Signs you are enabling an addict

Signs you are enabling an addict

Often times when people close to an addict try to “help” them, what they are actually doing is allowing the progression of the disease. These family and friends of the addict do not know this is what they are doing. This unknown and baffling phenomenon is called enabling. Enabling takes many forms but they all have the same effect: they allow the addict to avoid the consequences of their drug use and drinking. This, as a result, allows the addict to continue on their merry way, secure with the knowledge that no matter how much they screw up, someone will always be there to save them from their mistakes.

So if you think you are enabling an addict, how do you know?

It is important when looking for signs you are enabling an addict to know the difference between enabling and helping. Knowing the difference between enabling and helping an addict is the first step to recognizing the signs.

So what is helping? Helping is doing something for someone that they are not capable of doing themselves.

What is enabling? Enabling is doing for someone things that they could, and should be doing themselves. The key word there most of the time is the “should”. Many addicts may not be capable of doing things for themselves but often times those things are things they should be able to do. Doing those things they should be able to do on their own is enabling.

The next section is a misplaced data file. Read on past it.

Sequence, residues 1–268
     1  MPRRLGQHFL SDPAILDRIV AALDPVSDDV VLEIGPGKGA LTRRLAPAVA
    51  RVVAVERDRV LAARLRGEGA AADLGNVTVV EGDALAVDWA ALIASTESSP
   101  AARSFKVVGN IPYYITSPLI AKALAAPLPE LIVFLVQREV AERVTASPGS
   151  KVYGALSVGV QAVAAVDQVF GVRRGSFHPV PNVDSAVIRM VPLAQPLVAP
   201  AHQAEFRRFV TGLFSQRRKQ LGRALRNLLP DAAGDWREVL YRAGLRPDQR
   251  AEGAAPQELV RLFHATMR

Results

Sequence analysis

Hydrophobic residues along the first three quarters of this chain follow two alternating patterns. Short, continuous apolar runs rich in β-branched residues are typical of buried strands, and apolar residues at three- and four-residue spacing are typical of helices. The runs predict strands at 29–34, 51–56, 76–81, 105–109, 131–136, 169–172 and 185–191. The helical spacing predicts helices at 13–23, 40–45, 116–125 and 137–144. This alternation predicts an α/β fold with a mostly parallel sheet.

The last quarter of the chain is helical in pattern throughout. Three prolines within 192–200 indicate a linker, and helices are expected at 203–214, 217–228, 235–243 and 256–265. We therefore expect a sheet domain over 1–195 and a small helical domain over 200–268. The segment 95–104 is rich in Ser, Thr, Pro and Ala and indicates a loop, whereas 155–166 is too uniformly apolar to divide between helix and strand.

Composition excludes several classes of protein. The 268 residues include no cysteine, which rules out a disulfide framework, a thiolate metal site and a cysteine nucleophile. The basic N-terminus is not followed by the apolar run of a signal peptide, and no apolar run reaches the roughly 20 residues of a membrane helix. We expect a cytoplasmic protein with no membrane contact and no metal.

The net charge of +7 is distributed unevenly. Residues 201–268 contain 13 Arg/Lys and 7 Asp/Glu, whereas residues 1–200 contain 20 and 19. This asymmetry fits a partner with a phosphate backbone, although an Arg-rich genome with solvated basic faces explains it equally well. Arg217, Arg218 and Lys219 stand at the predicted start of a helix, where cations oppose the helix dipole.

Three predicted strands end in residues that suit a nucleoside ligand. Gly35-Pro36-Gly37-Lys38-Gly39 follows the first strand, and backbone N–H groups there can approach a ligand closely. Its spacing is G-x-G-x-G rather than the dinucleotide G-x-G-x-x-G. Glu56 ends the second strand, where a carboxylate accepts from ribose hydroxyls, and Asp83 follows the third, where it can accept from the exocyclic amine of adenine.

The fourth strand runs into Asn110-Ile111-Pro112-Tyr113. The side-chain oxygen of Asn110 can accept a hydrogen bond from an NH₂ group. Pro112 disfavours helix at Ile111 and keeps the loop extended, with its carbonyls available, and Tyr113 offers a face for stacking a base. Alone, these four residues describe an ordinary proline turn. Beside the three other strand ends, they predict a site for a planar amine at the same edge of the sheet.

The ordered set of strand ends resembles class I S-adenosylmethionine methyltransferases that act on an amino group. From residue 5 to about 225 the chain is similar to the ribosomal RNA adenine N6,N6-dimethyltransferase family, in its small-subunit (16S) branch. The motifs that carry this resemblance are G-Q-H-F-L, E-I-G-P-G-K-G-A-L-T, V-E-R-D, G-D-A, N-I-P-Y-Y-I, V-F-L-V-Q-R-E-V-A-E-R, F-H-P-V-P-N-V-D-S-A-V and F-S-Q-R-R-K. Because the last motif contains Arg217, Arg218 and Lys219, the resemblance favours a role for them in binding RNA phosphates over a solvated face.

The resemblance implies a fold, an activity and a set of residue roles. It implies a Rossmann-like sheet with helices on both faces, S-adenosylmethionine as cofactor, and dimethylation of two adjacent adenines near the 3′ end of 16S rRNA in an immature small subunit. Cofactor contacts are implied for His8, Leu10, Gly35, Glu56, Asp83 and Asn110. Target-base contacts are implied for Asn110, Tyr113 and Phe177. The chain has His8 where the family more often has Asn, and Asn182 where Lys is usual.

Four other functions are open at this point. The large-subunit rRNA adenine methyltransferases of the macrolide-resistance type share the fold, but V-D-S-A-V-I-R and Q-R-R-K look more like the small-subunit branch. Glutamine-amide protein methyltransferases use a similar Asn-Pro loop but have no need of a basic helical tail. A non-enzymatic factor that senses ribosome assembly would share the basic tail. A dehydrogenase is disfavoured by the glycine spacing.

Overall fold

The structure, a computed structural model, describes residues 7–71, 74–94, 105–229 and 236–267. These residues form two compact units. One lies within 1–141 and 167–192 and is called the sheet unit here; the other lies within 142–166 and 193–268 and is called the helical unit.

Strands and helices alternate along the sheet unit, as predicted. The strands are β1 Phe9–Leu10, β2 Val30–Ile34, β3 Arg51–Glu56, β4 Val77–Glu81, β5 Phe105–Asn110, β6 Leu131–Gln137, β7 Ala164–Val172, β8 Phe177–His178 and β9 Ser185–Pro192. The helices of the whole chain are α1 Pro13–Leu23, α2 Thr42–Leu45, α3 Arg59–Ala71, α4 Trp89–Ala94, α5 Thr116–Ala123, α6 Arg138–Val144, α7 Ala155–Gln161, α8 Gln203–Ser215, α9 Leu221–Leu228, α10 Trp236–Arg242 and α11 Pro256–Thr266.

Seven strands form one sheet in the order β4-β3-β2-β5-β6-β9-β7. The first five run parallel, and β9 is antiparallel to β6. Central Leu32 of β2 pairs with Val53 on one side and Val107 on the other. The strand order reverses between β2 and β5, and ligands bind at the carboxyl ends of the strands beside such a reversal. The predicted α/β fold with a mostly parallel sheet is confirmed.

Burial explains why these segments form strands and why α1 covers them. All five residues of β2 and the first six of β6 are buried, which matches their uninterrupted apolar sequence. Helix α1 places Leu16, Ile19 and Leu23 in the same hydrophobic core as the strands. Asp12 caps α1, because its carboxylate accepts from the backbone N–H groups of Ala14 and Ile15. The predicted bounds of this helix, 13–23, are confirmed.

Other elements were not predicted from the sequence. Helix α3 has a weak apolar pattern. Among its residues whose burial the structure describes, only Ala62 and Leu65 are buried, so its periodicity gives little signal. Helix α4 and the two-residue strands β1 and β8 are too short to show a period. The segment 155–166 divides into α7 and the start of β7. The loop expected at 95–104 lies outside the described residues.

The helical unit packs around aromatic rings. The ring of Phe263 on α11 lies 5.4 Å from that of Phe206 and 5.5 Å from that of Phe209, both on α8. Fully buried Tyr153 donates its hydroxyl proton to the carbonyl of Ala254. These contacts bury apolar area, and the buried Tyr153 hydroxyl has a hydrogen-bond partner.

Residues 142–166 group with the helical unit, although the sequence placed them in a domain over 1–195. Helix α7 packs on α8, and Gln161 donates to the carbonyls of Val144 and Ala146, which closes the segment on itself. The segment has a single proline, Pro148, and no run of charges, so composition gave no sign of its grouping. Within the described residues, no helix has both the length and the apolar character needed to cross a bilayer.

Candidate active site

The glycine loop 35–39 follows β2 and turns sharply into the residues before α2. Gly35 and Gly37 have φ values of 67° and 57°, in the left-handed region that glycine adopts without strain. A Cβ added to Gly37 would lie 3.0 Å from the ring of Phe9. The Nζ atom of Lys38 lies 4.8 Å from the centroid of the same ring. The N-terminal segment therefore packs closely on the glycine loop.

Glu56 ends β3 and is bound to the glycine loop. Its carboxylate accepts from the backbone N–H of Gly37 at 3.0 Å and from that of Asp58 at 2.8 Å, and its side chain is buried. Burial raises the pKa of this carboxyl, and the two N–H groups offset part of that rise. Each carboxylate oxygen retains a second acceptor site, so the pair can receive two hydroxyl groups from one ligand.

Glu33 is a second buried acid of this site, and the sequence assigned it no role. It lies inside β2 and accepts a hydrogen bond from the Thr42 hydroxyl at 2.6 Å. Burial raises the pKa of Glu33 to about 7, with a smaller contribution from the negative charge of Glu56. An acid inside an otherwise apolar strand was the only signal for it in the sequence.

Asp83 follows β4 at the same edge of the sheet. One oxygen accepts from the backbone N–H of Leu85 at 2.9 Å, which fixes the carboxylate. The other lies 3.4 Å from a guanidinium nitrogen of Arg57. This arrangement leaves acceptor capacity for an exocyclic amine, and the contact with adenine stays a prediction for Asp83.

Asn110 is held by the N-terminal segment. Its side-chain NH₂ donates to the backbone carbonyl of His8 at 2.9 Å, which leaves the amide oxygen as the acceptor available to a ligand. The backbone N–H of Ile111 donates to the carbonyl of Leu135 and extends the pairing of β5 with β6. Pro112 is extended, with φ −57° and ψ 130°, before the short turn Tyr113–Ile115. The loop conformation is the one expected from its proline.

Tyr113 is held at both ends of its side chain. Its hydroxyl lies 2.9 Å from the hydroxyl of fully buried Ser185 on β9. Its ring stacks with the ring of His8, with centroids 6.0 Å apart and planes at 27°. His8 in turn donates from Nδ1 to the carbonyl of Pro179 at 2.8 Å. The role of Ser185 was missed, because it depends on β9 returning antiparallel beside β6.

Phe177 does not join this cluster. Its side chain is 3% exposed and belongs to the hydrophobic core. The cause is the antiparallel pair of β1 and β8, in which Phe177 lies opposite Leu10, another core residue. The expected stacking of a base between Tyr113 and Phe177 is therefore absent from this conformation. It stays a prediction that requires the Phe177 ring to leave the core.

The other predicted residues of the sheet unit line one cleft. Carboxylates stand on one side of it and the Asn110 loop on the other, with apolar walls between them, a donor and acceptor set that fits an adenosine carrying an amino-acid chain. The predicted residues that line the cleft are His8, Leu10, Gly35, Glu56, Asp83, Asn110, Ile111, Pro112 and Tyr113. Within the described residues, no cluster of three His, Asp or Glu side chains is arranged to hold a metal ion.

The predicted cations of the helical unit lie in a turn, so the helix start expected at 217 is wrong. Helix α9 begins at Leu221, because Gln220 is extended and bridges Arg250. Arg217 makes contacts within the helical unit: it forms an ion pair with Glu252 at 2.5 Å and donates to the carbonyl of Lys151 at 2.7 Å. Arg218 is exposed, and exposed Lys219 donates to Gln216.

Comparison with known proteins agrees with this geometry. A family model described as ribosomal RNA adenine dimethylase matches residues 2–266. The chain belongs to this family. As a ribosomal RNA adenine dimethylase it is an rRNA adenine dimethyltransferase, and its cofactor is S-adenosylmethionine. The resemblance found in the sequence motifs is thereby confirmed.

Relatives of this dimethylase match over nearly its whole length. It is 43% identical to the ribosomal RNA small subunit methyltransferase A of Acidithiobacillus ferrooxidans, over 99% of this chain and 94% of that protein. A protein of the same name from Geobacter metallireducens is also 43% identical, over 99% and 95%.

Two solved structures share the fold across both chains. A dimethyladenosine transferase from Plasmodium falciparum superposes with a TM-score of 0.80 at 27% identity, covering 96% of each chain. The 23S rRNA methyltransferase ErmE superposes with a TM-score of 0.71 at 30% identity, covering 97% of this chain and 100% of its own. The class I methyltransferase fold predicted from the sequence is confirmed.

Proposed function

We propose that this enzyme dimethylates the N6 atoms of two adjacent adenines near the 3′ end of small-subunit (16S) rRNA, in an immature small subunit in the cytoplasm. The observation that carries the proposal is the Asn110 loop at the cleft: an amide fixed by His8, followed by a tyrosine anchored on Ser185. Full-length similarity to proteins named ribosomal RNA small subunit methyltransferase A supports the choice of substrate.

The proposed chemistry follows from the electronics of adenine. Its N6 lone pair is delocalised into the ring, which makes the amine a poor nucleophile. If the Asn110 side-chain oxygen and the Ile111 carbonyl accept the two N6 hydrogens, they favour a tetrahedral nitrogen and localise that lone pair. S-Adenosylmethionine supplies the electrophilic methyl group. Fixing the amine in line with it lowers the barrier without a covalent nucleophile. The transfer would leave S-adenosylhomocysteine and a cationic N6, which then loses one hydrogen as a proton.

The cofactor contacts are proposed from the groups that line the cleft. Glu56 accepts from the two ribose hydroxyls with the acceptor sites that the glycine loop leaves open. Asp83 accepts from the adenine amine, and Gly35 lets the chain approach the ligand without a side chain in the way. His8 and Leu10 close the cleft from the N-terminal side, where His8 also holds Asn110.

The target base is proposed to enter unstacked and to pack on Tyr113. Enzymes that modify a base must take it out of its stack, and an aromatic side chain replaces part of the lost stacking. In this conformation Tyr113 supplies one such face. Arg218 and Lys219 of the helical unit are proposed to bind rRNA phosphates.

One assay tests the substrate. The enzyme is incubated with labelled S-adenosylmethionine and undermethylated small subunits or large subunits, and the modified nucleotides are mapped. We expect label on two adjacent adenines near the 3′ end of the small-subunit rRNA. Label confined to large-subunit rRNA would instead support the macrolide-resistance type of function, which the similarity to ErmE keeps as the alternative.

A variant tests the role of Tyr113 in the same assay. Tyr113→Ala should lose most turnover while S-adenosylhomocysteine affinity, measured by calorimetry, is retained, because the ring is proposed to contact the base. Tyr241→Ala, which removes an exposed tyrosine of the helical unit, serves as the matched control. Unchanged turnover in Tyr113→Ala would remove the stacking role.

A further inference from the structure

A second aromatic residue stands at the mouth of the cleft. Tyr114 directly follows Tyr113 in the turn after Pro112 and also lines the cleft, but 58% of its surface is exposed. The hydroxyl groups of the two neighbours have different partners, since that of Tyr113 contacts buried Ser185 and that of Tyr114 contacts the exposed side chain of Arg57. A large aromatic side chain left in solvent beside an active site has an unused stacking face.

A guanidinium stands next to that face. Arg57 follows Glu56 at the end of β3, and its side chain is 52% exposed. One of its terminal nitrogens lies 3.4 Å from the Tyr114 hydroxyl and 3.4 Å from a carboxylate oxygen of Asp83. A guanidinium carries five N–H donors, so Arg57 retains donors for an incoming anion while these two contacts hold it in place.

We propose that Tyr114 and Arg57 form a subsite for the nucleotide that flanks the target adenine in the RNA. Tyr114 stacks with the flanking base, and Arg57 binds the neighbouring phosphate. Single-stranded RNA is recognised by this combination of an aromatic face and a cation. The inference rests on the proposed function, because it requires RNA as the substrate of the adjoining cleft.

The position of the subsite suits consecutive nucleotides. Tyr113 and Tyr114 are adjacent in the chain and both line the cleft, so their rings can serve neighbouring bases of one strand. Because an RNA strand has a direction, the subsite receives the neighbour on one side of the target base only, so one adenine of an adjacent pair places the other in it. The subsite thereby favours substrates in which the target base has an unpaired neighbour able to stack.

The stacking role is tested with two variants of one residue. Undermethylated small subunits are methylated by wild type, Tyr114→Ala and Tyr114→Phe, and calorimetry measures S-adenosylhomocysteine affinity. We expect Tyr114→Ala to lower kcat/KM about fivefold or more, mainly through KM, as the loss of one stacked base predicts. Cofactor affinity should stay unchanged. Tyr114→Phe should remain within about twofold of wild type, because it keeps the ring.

So what are the signs you are an enabling an addict?

After realizing the difference between helping and enabling you can probably think of a few signs you are enabling without this post. But we are going to go ahead and give you some of the most common signs that you are enabling an addict.

  1. You call in sick to work for them because they were too tired or hung over. This is classic enabling at its best. There is no reason any other person should be calling work for the addict. That is something they can and should be doing.
  2. Bailing them out of jail or paying their legal fees. This is another very common sign that you are enabling an addict. Once again paying fees and landing in jail are consequences they should be facing and can deal with.
  3. You don’t talk to them about their drug use because you are afraid of their response. An addict should be dealing and have to recognize the way they are affecting you and everyone around them. Don’t hold back out of fear. This is just allowing the behavior to go on.